A common question that I get is, ‘how to give feedback to assistants, intake coordinators, other counselors, and people that are working in your business that help you thrive and grow’. But, also, how do you do it in a way that’s not ‘jerky’ and that respects people’s autonomy as a professional. While also recognizing that, when you give something to someone to do, they don’t always do it the way that you want them to.
Idealistic Versus Realistic
Let’s start with the concept of what we wish would happen. That is that you could give someone a task to do and they would just do it perfect the first time. They would ask questions if they get stuck, and follow up with you to ask for feedback. That doesn’t happen.
When you are actually giving someone feedback, you are protecting them from themselves. You’re saying, “Here is the boundary, I’m going to let you go just a little bit further before you really screw things up”. And, you’re also protecting yourself and your business as well. So that they don’t get so far down the line that they’ve screwed something up within your business. For example, if I hire an assistant, I’m going to start with something that I think they can be successful with. I’m going to give them a small, bite-size kind of chew of that and then I’m going to give them more and more and more, over time. Instead of giving them the whole keys to the kingdom from the first day.
Plan, Do, Check, Adjust
So, let’s talk about one model that’s known in the business world. It’s plan, do, check, adjust. This four-part model is used throughout business in a number of different ways. So, first, you’re going to plan a project and give as many details as you can. Then, you’re going to do it, or have that person do it. You’re then going to check back in, and then you’re going to make adjustments. So, if you start with talking to someone, you can talk about how you’re going to plan, do, check, and adjust. You’re going to keep going through that cycle. Then, feedback becomes a natural part of the conversation.
When I hired my Chief Marketing Officer, Sam, back in June – she had been with me part-time for about a year before that – she had slowly been doing more and more and more and then she went full-time. We set up a weekly half hour meeting, that we still do, where I give her feedback on things, she asks me questions on things, and it saves us both a ton of time. We don’t have all these back and forths regarding email and getting things done. Instead, we come to the meeting prepared, knowing what we want to talk about and we can get it done quickly. Rather than having to have a whole bunch of back-and-forth and feedback that’s when you’re between sessions, or when you’re busy, or when it just comes to mind. Instead, it’s planned out.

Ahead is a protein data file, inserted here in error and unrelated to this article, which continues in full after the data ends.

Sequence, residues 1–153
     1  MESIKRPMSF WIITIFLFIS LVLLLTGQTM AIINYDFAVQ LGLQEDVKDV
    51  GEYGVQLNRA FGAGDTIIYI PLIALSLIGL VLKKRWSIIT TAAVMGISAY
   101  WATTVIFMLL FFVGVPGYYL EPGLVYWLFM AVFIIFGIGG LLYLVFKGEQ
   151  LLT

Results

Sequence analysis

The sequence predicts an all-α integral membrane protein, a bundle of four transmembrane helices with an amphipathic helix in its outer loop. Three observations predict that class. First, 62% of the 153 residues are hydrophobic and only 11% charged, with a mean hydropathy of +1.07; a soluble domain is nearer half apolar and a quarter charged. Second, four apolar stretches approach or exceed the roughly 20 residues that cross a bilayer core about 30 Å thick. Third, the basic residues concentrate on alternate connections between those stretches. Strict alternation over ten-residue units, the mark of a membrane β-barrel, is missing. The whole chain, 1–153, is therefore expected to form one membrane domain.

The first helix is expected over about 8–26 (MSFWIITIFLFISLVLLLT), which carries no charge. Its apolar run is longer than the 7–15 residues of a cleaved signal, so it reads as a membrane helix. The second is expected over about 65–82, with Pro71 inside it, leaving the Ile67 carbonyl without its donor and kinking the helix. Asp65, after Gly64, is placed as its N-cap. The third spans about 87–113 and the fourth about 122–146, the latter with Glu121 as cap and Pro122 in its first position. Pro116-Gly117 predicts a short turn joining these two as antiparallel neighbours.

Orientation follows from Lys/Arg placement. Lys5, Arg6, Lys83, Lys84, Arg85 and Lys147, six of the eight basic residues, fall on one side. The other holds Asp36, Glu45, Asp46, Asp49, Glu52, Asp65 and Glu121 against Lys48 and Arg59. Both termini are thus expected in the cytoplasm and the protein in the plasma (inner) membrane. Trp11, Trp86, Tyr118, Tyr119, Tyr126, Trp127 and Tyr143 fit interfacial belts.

I use Trello, in particular, to keep track of what my assistants are doing. Trello has an app on the phone and it has these things called ‘Boards’. So I’m going to walk you through what my mine and Sam’s board looks like. Sam and I have a board that we share and there are ‘Lists’ within it. So, for example, we have her ‘To-Do’ list, what she’s ‘Currently Working On’, what’s ‘Ongoing’ (things that aren’t time limited), things that she’s ‘Finished That I Need to Give Feedback’, ‘Ideas’ that I have, ‘Completed’, and ‘Resources and Tools’.
What’s nice about Trello is that there are ‘Cards’ within each of these lists. So I put cards in the lists and can include a due date, checklist, or someone else from my team on them. This keeps us all organized, so that we know exactly where we’re at any different stage of the projects that we’re working on. It saves so much time, it helps you understand exactly where things are at, and then you’re giving feedback in a way that you know is a little more clear. Also, Trello is totally free to use! Here’s a video to a Trello walkthrough:
Joe Sanok is the owner of Mental Wellness Counseling and the host of the top podcast, Practice of the Practice. The podcast was recently named one of Huffington Post’s top 100 podcasts. For more on personal and business growth go to www.PracticeofthePractice.com